The cattle market in Kentucky dropped during the month of March for calf prices and fed cattle prices.
By: Kenny Burdine, Livestock Marketing Specialist, University of Kentucky
The stale cattle market didn’t improve much in March. In fact, both calf prices and heavy feeder cattle prices in Kentucky decreased from February, which is an unusual seasonal pattern. During the time period from 2007-2012, Kentucky prices for 500 to 600 lb feeder steers have increased on average by $6 per cwt. The same weight range of calves decreased in price by $5 per cwt from February to March of 2013. Compared to 2012, 500 to 600 lb feeder steers in Kentucky auctions were selling for $28 less per cwt in March of 2013.
The value of calves in the spring is driven largely by pasture conditions and fall feeder cattle futures prices. Pasture conditions are crucial because many of those calves are placed in stocker programs through spring and summer. While March 2012 was an unusually warm month that brought significant pasture growth, March 2013 was unusually cold and most pastures simply were not growing. This worked to limit interest in placing stocker cattle last month.
When calves are placed on pasture in the spring, they are done so with an expectation of what they will be worth in the fall as feeders. The best indication of this is fall feeder cattle futures, which have decreased by about $10 per cwt since early February. The combination of poor pasture growth, and decreasing price expectations, really put a damper on calf prices this spring.
A similar story could be told for heavy feeder cattle (700 to 1,000 lbs) coming out of winter backgrounding programs. The value of these feeder cattle is driven largely by feed costs incurred by feedyards and their expected value as fed cattle in the fall. Much like fall feeder cattle futures, the October CME© live cattle futures price had fallen by about $8 per cwt from early February to the time of this writing. Put simply, beef demand (and boxed beef movement) has not been near as strong as expected and has put downward pressure on the fed cattle market. This pressure has been felt in the feeder cattle market and in the calf markets.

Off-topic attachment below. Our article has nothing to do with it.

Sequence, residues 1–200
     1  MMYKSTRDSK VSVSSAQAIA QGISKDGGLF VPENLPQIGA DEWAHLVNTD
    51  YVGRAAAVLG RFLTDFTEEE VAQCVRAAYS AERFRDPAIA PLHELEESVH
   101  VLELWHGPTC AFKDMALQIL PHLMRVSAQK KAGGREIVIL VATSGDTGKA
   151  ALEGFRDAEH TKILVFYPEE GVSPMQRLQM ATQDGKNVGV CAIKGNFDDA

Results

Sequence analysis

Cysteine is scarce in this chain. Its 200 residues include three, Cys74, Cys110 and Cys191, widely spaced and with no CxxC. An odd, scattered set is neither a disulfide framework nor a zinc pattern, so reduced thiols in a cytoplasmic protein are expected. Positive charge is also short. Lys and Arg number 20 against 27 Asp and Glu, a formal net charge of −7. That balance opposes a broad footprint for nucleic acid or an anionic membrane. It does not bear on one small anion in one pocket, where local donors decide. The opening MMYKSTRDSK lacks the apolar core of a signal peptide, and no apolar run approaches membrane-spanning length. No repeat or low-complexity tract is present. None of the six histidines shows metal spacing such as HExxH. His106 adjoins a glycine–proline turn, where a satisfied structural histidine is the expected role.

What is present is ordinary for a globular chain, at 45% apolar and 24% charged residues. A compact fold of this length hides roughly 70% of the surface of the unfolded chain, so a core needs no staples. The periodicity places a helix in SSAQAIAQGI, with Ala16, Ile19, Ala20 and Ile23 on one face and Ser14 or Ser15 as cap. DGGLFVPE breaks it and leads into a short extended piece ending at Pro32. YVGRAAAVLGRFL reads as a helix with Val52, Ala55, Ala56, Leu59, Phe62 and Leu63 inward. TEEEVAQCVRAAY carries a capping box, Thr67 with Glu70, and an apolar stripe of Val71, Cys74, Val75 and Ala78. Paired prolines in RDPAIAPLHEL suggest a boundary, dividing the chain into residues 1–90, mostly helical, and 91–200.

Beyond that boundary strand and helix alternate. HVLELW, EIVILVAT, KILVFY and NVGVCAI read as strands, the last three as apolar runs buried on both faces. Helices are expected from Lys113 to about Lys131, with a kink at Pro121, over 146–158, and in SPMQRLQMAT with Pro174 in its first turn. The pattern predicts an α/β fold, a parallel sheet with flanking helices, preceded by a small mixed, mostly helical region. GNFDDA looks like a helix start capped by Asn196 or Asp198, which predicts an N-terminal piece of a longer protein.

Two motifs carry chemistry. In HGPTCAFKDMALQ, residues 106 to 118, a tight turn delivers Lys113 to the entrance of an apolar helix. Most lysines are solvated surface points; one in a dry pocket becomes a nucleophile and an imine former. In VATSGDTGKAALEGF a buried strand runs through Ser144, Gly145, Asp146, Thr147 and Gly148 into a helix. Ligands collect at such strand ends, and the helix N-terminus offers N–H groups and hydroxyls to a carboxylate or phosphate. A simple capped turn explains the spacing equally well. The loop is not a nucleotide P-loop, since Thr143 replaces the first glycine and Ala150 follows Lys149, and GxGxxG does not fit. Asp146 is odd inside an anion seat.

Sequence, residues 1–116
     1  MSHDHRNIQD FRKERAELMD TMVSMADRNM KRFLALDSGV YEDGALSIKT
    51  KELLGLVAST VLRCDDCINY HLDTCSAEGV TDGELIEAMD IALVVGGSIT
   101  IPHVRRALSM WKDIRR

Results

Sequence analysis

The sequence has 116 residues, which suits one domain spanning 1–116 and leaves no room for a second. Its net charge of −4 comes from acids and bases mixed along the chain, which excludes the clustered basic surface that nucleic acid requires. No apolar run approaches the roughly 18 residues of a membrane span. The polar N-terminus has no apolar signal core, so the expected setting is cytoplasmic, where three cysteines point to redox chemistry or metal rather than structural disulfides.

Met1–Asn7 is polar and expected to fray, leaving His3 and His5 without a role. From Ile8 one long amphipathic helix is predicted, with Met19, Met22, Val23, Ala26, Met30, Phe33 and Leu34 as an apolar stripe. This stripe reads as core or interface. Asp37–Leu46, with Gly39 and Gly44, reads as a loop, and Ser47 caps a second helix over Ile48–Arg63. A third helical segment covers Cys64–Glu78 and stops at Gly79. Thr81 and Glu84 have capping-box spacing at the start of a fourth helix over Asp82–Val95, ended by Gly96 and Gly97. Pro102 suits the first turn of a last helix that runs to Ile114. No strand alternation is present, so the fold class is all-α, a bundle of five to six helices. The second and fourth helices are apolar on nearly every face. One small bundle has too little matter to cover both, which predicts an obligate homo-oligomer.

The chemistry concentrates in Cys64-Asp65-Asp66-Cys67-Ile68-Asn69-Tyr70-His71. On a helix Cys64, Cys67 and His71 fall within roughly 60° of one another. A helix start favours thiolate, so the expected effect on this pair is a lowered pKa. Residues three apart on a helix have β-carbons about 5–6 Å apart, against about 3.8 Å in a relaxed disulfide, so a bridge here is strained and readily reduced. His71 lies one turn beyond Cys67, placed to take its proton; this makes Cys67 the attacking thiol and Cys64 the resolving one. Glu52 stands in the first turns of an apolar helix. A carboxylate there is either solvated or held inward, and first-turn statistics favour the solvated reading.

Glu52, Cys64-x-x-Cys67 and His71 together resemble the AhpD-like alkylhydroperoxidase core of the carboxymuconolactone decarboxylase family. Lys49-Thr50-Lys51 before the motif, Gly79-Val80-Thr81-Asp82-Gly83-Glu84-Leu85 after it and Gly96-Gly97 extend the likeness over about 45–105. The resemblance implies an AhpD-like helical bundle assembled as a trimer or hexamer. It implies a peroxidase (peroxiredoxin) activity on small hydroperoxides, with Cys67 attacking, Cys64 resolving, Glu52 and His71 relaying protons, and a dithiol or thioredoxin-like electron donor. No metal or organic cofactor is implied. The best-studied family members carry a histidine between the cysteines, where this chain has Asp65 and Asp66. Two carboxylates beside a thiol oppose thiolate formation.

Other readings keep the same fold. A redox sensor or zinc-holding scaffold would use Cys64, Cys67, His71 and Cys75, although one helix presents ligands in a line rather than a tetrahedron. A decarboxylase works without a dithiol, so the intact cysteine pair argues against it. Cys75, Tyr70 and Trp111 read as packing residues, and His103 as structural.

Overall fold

While March was frustrating, the final days of the month brought some positive news for feeder cattle markets. The March 28th Prospective Plantings report confirmed an expectation to plant a very large number of corn acres in 2013 (97.3 million acres) and the Grain Stocks report revealed an unexpected increase in all grain stocks, but especially corn. As we move into spring, warmer temperatures and pasture growth should provide further support on the price side.
As has been the case since fall of last year, the futures market continues to suggest price improvement lies ahead. Fall feeder cattle futures contracts are trading at more than a $10 premium to April. This is largely due to an expectation of improving demand, tightening supplies, and decreasing corn prices as we move towards harvest. Of course there are many factors that will determine whether that price improvement becomes reality. As was discussed last month, the fall feeder cattle futures market may be offering some opportunity for summer grazing programs given the current calf market. While prices can and will move between now and fall, summer graziers should probably consider price risk management as a way to manage downside price risk.